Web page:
Phrased Phases

Our Silence

Our words reduced. 
Stories dropped, killed. 
We had less, less and lesser to say 
until we had nothing.

Pardon my eavesdropping 
but this silence too, 
is a conversation 
in both
desperation and wisdom. 

Escapril 2023 has begun! I am grieving many losses and there is no better vent than poetry. April 2: Eavesdropping.

Phrased Phases

Our future

A small house, bright yellow
building somewhere

A strip of green, bluish 
running through top 

Shelves of white, curved 
hold all together 

Wine, delicious deep amounts 
pour generously into pasta

Songs, different langauges
dance sing dance 

And you...

(Following visions have never ended well, my love.) 

Escapril 2023 has begun! I am grieving many losses and there is no better vent than poetry. April 1: Vision Of The Future
Reviews or Rants?

You Want To Watch SRK And Deepika, Not Pathaan The Movie

“Because I am Pathaan” is not the smartest justification for all the things one may choose to do in their life, but the creators of Pathaan seem to think so.

Before we begin, I am not ignorant of the intended message behind this film- secularity. Our country is in dire need of it, and SRK and Deepika Padukone have been victims of the lack of it. In this regard, the film attempts to be a heartwarming gesture…until it’s not.

If you have attempted- at the naive age of 13, or even 20, to arrive at a decent route to achieve the coveted idea of World Peace, perhaps you may have thought up a film like Pathaan.

To put it simply in the Indian context, perhaps you may have thought Kashmir a play toy that can easily switch between India and Pakistan until one country gets the upper hand.

Such thinking does more danger than good- because you manage to dehumanise the people living there. This is why the last bits of the film are especially painful to watch, when ‘Jim’ our antagonist (John Abraham) thinks it is very easy to ask for Kashmir to be handed over to Pakistan in 24 hours.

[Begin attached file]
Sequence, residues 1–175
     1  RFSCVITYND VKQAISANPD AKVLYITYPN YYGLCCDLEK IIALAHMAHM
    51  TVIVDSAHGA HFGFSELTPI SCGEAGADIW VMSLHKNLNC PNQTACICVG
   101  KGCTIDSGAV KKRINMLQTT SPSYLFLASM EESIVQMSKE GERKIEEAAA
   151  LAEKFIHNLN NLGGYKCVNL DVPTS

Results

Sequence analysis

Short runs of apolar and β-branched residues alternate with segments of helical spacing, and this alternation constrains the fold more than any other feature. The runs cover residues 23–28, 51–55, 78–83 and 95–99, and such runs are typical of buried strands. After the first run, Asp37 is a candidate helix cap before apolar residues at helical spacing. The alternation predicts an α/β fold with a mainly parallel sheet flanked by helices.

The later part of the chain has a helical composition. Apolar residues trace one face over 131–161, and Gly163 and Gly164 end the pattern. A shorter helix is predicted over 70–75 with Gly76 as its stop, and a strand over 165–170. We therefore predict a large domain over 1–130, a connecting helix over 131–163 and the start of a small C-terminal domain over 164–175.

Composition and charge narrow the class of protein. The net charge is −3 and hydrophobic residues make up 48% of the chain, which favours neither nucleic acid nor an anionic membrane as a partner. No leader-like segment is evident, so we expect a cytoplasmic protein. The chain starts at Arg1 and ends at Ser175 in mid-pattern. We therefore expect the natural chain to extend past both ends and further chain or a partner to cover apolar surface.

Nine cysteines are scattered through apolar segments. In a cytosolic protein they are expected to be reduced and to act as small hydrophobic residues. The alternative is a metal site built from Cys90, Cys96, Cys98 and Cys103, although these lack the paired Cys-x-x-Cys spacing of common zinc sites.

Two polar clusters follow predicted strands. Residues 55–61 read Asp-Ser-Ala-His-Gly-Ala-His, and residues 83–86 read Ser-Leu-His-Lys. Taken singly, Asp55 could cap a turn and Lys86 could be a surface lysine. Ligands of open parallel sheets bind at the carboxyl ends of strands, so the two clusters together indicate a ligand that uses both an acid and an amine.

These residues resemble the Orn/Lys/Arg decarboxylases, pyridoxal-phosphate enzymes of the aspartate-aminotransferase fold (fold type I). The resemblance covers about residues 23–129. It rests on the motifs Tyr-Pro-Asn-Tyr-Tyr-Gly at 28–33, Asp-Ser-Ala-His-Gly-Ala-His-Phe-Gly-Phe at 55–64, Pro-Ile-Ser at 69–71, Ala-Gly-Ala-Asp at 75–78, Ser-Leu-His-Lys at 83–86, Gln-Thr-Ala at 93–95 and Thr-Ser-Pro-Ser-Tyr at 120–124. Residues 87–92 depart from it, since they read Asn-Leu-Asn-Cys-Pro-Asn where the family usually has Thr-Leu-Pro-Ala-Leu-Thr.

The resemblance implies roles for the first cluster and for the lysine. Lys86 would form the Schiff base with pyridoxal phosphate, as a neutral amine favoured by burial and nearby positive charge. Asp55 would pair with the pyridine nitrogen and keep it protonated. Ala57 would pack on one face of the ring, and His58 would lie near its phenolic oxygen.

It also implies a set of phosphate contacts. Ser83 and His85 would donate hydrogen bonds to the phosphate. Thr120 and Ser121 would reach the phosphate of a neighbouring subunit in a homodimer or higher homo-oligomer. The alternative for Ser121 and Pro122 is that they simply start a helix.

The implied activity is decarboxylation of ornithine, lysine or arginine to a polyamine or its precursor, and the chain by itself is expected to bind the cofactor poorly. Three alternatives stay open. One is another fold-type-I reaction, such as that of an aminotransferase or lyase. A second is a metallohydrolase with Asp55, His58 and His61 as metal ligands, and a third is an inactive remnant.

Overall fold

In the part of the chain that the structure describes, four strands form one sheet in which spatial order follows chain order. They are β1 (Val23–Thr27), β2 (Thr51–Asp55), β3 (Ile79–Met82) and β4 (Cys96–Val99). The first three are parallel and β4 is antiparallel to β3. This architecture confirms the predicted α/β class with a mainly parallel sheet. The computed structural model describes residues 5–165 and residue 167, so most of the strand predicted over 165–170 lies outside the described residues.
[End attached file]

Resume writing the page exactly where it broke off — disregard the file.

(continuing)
On the surface, these comments are great to keep your sense of patriotism flowing- especially in the theatre, but at its core, it reaffirms what everyone needs to know but chooses to ignore- We know nothing about the land, people or politics of Kashmir, despite constantly claiming to want it.

Pathaan also demonstrates haste. It was like this one film was the last film to do everything we want. So from India-Pakistan conflicts to Pandemic fears, to a subtle tribute to the Avengers, Pathaan builds weak links, playing monkey bars into each topic with a side of bad jokes.

In the end, each issue is either left incomplete or addressed unsuccessfully. For example, when our antagonist Jim attempts to unleash a new Pandemic into the world by ‘creating’ a virus in the lab- which felt like a great disservice to all the science going into screaming that COVID-19 Pandemic was not manufactured in a lab by some country. Or even when Jim gives the Indian government ’24 hours’ for Kashmir and then they never bring it up again, or the abrogation of Article 370- another serious issue mentioned at the beginning and the end of the film, but not being addressed the way it deserved to be.

But you may argue that this was not the film’s genre or job. And I will say, “Then? Were they running some competition to give special mention to all the things that affected our country last year and leave?”

The last visible scab I want to pick is what we began with- SRK’s explanation for everything being simply that he is a Pathaan. Over the past few days, while creating the excitement to watch this movie, I have engaged in conversations with several Pakistani (Pathaan) taxi drivers, instructors, and friends about whether they will watch it. They say yes, beaming with pride. They say this movie glorifies their culture, that SRK is actually a Pathaan, and that they are happy to have him recognise this origin in trying times.

When will we give up on glowing from our lineages? In this way, the movie also exposes the disappointing shadow of caste pride that prevails among the Muslim community. In doing this, we are once again doing a great disservice to the Pasmanda Muslims.

Side note, I am not sure if travelling to a new country every week (Planning robbery in Spain, executing robbery in Russia, and finally watching plan crescendo in Afghanistan) and doing government work should be considered “culture”- so technically, the name of the film becomes misleading.